There are few companies that have seen the growth and success of Uber in recent years.
Naturally, this growth brings challenges, and Danielle Monaghan, VP of global talent acquisition and mobility, talks to UNLEASH about corporate recruitment in the organization.
Monaghan notes that the company is no longer looking at explosive growth, but instead, profitability as Uber continues to be a leader in the transport industry, as well as the delivery of numerous goods, in service to Uber’s ‘Go anywhere, Get anything’ strategy‘.
Despite not looking to grow dramatically, Monaghan explains how the company continues to attract quality talent who want to be ahead of the curve. In fact, she states that the drivers for potential staff are the opportunity to be “working on problems that have yet to be solved, and the ability to move internally with ease.”
To highlight the ability to approach new challenges, the company focuses “on job content, and how interesting the work is that you’re doing.”
“We’ve really gone back and tightened our message around the roles, we’ve tightened our message around the culture of the company.” adds Monaghan.
In terms of hiring, Uber is “focused on diversity, and diverse experiences, opinions, backgrounds.”
Uber and diversity
Speaking about diversity, Monaghan adds: “We follow a methodology that has proven to be successful in law firms in the US”.
She explains: “It’s called the Mansfield Rule and it looks at the geographies you are recruiting from and what the make-up of available talent is in that location.
“The idea behind it is that the top of your funnel should look like your available talent pool. If you have a very Asian-based talent pool, you’re going to have more Asians in your funnel. If you may be in an area where you have a lot of black talent, your funnel needs to reflect that.”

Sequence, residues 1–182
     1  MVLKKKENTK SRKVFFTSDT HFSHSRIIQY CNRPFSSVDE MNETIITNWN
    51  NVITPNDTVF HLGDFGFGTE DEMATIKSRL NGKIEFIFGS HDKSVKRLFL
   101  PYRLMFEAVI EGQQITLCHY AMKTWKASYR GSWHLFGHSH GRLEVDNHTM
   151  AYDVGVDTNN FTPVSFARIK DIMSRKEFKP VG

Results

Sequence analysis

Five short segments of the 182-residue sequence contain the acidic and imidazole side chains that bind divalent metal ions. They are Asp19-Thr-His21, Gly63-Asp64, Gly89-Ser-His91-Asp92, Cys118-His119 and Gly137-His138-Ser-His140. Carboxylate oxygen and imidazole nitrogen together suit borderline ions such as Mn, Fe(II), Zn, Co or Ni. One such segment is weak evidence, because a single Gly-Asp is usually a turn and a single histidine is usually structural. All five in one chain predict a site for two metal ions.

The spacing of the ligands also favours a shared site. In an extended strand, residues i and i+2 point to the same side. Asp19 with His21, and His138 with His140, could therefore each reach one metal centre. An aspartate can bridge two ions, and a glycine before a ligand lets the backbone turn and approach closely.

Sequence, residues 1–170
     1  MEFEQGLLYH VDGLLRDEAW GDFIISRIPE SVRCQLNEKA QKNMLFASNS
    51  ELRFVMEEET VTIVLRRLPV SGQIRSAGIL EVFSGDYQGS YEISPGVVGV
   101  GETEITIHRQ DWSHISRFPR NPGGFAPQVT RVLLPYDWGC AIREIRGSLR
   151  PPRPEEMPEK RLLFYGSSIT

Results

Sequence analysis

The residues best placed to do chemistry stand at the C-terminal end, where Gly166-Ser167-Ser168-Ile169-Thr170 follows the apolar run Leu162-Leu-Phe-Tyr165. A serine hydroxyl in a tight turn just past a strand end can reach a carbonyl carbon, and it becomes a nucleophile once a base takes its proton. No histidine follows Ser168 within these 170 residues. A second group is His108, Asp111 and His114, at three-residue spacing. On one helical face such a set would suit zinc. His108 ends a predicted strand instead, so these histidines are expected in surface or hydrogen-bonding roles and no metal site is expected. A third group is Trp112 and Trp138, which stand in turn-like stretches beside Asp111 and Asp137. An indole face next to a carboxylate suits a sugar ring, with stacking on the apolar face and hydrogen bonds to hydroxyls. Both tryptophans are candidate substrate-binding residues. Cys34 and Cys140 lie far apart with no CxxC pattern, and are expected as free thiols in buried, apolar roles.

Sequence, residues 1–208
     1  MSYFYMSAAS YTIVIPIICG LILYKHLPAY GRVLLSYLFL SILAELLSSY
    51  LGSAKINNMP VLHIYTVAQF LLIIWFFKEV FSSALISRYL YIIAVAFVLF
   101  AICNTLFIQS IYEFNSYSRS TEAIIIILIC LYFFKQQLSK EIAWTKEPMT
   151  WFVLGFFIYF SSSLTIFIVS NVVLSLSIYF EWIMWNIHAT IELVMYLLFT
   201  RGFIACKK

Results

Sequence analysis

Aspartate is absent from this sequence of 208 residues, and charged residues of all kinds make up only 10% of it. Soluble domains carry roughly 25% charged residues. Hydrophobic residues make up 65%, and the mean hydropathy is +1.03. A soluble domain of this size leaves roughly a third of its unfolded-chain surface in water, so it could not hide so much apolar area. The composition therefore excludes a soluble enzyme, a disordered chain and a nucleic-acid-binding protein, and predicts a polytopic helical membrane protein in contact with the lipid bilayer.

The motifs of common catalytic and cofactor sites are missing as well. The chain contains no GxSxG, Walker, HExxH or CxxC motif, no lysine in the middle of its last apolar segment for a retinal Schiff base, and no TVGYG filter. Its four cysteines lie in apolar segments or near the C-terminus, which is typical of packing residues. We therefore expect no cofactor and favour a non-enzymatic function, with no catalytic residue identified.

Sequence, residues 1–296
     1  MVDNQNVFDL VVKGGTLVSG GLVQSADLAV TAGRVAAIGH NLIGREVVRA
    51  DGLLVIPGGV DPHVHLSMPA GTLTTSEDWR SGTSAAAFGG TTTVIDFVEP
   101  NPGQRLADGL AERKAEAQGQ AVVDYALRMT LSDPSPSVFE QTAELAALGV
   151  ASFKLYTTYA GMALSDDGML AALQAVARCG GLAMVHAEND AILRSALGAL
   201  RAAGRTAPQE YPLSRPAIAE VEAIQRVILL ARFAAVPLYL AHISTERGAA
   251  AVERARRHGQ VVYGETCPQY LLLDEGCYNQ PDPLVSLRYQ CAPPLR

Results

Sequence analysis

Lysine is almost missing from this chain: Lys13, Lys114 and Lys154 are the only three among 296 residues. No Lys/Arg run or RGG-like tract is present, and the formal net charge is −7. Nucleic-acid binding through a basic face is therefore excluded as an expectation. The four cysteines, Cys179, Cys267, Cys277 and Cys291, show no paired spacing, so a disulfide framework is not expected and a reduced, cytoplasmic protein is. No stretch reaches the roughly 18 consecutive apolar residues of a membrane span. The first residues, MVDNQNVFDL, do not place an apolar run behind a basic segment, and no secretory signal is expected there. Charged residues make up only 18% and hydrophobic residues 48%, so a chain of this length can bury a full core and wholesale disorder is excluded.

This methodology does assume “that people will come through the funnel in the way they’re supposed to, and the hires will happen in the way they’re supposed to.”
“You can run into issues of bias in your funnel, but if you’re really good about tracking it, you can quickly identify where it’s happening, and you can fix it.”
Uber has been using the Mansfield Rule across its corporate recruitment for approximately a year.
It has helped further the company’s mission to “ignite opportunity by hiring diverse global talent enabled by high-tech and high-touch.”
Evolving high-tech and high-touch recruitment
Looking ahead, Uber wishes to develop its high-tech and high-touch recruitment further and focus on automation.
Monaghan gives an idea of this scope: “We want to automate anything and everything that we possibly can automate”. This means “we can free recruiters up to have the high touch with all candidates, not just senior candidates or niche candidates; all candidates”.
She continues: “We’re investing very heavily in technology both for our sourcers and recruiters, and for our talent coordinators so that we can automate and then focus on candidate experience where recruiters and sourcers have time to focus on those moments that matter and are special to candidates through the process’.”
Speaking broadly about other industries, Monaghan notes: “I think everybody wants to automate.”